Traveling to Boston? Download one of these classic Boston reads and get ready to see the city (and New England) in a whole new light.
The Scarlet Letter (1850). Puritan woman commits a steamy act of adultery—but most of the book is about her relationship with society after that happens.
The Bostonians (1886). Bostonian Henry James pits traditional Brahmin values against “radical” feminist suffrage in a detail-riddled period novel about a supposedly pseudo-lesbian love affair. Particularly tragic satire.
Johnny Tremain (1943). Esther Forbes’s Newbury Award-winning book about a young silversmith’s apprentice suddenly thrown into the thick of the Revolution is an excellent introduction to the historical events that shaped both Boston and the nation.
The Crucible (1953). Arthur Miller’s play based on the Salem Witch Trials was actually written in response to the McCarthy communist witchhunts of the 1950s.
The Handmaid’s Tale (1985). Margaret Atwood writes about a dystopia a la 1984, except much more feminist. As you follow the title character around her far-right totalitarian state, it will suddenly dawn on you in horror… She’s writing about Cambridge!
Asa, As I Knew Him (1987). Cambridge author Susanna Kaysen’s witty novel perfectly depicts the bookish climate of her town (complete with an intellectual love affair), then suddenly flashes back in time to examine the privileged life of those living on Cambridge’s old Tory Row (p. 232). Kaysen based her better-known Girl, Interrupted on her time at McLean Hospital in nearby Belmont.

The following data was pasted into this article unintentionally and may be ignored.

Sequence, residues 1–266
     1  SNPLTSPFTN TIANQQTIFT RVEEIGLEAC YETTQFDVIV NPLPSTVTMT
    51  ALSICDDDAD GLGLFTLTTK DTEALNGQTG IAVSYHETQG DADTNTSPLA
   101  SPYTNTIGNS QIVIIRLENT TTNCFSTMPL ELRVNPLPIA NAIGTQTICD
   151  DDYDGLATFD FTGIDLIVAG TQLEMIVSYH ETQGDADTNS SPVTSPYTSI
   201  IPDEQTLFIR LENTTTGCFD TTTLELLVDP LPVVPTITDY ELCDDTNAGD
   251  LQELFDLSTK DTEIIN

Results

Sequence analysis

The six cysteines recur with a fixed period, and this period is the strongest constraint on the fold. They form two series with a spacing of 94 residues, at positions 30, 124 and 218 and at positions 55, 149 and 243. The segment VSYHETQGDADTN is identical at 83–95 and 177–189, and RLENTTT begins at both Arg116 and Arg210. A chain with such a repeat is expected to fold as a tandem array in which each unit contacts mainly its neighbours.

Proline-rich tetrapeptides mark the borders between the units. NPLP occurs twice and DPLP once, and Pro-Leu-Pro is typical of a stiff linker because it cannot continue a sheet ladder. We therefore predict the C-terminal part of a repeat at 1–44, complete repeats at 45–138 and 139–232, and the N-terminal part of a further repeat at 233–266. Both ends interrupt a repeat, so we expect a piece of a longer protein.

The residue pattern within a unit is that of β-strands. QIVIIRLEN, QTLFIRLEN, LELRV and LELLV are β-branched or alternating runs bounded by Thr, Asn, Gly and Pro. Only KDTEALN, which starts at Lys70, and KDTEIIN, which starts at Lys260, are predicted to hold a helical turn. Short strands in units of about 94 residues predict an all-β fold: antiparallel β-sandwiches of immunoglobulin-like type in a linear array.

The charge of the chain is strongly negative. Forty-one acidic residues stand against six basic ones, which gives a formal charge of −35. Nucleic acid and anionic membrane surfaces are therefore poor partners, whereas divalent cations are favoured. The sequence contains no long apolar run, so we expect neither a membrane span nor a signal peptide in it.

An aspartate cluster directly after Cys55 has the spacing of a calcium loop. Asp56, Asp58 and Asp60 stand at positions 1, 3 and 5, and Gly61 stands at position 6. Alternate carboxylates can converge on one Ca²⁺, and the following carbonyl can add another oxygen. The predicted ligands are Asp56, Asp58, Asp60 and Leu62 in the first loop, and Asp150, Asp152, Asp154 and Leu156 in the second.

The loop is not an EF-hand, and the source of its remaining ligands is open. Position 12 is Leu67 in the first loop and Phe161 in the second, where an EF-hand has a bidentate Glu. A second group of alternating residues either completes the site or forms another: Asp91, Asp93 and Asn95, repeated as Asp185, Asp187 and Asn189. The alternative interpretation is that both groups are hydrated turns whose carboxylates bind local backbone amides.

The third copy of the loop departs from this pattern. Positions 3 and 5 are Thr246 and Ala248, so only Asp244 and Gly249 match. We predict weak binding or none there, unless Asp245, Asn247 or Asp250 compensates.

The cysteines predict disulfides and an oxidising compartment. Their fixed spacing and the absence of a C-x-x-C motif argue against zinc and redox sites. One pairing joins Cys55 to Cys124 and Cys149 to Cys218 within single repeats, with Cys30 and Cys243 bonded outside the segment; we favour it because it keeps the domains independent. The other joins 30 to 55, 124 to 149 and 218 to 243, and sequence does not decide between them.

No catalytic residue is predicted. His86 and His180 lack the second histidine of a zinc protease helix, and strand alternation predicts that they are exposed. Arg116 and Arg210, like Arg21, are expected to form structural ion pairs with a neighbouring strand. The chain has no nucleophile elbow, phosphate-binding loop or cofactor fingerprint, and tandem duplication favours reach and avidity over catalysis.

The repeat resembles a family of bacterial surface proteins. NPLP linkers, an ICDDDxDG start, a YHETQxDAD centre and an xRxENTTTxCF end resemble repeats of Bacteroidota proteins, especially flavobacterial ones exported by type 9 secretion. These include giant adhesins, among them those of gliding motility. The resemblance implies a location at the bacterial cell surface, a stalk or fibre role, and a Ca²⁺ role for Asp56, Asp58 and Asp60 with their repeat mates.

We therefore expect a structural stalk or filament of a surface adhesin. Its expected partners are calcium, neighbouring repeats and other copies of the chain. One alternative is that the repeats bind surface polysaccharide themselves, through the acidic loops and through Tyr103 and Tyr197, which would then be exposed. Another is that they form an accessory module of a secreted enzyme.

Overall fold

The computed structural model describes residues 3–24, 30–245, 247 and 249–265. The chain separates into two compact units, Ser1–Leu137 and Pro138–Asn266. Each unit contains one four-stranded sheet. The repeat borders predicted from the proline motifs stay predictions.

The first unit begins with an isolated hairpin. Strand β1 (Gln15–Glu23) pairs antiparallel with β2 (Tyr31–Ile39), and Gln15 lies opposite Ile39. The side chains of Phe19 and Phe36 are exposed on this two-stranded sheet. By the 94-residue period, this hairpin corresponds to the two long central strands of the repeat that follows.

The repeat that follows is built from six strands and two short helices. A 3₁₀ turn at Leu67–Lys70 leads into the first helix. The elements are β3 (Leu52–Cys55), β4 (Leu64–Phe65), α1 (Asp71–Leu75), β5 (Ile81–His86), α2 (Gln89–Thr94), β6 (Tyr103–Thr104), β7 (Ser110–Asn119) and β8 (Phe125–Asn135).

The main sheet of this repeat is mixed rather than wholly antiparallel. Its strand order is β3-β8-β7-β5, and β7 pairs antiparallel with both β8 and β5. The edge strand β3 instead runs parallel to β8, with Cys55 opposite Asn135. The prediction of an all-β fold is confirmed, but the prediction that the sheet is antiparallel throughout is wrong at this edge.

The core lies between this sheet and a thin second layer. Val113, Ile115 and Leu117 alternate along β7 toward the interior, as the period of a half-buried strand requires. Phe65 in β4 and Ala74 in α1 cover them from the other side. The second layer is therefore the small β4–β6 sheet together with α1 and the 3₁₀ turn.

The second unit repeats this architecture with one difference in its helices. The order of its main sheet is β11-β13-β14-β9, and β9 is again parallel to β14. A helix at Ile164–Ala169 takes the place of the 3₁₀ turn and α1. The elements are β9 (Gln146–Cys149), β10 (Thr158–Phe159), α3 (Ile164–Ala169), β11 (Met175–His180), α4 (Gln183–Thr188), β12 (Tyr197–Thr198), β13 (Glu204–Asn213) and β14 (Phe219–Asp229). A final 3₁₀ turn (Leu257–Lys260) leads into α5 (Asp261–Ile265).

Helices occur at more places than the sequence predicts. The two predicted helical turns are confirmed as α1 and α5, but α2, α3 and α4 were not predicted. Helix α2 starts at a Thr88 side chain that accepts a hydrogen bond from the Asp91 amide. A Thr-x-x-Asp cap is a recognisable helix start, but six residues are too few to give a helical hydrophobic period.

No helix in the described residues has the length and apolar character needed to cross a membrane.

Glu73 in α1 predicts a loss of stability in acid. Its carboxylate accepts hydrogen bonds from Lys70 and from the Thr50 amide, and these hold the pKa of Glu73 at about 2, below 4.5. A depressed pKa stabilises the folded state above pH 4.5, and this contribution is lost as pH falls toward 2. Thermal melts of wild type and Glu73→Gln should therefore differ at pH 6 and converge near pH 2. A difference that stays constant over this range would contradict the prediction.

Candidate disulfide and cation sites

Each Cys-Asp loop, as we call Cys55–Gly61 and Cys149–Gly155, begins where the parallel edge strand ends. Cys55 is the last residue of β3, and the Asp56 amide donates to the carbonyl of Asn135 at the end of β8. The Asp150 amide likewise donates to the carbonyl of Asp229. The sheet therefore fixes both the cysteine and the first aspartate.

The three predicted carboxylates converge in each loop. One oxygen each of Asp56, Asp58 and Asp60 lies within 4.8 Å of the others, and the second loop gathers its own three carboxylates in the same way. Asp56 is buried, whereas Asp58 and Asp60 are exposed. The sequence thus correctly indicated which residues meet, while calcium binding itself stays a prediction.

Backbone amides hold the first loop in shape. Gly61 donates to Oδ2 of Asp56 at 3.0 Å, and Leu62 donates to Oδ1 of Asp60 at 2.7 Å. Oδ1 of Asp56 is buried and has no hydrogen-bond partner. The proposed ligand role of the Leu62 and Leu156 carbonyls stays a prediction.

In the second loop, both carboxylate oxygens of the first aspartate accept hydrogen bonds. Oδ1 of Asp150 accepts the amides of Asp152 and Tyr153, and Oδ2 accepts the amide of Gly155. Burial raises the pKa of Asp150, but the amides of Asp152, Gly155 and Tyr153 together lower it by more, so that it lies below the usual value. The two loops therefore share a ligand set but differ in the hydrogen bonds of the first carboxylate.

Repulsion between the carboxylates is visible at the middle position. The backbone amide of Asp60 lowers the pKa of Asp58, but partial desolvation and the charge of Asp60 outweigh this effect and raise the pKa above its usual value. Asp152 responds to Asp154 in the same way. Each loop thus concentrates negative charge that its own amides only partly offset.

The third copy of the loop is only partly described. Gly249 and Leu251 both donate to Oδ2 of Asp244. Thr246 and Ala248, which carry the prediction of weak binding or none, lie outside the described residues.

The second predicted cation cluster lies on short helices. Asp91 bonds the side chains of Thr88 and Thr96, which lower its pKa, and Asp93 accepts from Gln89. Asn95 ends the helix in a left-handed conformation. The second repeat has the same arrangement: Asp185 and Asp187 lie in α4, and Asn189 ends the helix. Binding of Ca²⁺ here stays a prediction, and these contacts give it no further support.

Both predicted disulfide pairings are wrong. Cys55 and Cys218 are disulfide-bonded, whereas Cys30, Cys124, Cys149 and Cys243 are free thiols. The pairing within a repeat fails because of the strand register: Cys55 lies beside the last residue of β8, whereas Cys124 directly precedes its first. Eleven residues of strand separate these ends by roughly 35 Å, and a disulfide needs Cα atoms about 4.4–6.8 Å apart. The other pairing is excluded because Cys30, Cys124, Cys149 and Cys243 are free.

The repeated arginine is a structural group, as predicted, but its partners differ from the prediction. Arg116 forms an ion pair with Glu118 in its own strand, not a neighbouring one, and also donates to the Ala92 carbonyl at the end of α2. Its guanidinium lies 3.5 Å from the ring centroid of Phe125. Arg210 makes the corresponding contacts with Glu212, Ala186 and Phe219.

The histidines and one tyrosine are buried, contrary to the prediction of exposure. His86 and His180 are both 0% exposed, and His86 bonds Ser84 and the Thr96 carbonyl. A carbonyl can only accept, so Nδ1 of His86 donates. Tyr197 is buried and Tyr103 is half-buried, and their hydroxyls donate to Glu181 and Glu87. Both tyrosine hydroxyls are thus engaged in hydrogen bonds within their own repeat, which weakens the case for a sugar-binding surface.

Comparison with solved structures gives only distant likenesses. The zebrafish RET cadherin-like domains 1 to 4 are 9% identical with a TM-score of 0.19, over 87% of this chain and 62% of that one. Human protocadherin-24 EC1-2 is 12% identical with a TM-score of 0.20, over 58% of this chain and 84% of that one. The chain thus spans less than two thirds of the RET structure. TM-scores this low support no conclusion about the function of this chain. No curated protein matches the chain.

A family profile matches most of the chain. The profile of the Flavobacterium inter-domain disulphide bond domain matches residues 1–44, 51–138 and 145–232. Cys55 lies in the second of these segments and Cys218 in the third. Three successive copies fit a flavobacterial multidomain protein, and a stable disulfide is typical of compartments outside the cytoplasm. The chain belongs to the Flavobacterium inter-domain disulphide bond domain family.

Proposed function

A Drink Before the War (1994). The 1st of Dennis Lehane’s “Kenzie and Gennaro” detective novels follows the 2 Dorchester-based sleuths as they attempt to uncover corruption and racism in Boston’s government. From Beacon Hill to Savin Hill, this often gruesome, always hard-boiled thriller paints a horrifying portrait of racial, political, and socioeconomic tensions in and around Boston.
The Dante Club (2003). Henry Wadsworth Longfellow, Oliver Wendell Holmes, and James Russell Lowell solve murder mysteries while translating The Inferno; no wonder Matthew Pearl’s historical fiction debut became a fixture on national bestseller lists.
In addition to the works below, local historian Anthony Mitchell Sammarco has written over 25 “neighborhood biographies” (e.g., Boston’s North End, Roxbury, and Jamaica Plain), each using vivid prose, period photos, and countless artifacts to trace the history of a different district in the Boston area.
Common Ground (1986). Historian J. Anthony Lukas won a Pulitzer for this intelligent, troubling chronicle of the racially polarizing forced busing crisis (p. 60), recorded here through 3 different area families (2 white, 1 black) caught up in the turmoil.
The Big Dig: Reshaping an American City (2001). Peter Vanderwarker uses photographs, blueprints, interviews, and more to lead younger readers through Boston’s confounding Central Artery/Tunnel Project (p. 246)—not yet finished when he published.
Red Sox Century (2005). By Glenn Stout and Richard A. Johnson, this is arguably the best of the many Sox histories out there. Originally published in 2000, it has since been updated to include the rather important events of the 2004 season.
Share this Post